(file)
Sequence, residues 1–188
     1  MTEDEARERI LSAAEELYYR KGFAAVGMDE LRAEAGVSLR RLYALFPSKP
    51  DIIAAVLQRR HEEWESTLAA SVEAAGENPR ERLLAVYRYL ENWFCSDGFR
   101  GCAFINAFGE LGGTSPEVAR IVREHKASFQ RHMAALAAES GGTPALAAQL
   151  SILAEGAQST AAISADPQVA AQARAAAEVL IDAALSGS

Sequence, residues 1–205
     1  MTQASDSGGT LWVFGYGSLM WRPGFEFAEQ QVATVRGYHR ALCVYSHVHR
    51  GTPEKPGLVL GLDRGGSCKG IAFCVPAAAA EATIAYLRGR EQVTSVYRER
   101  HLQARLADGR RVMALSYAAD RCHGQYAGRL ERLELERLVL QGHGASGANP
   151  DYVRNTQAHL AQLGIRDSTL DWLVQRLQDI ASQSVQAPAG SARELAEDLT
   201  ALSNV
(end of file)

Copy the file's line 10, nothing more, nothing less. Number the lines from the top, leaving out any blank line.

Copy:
   151  DYVRNTQAHL AQLGIRDSTL DWLVQRLQDI ASQSVQAPAG SARELAEDLT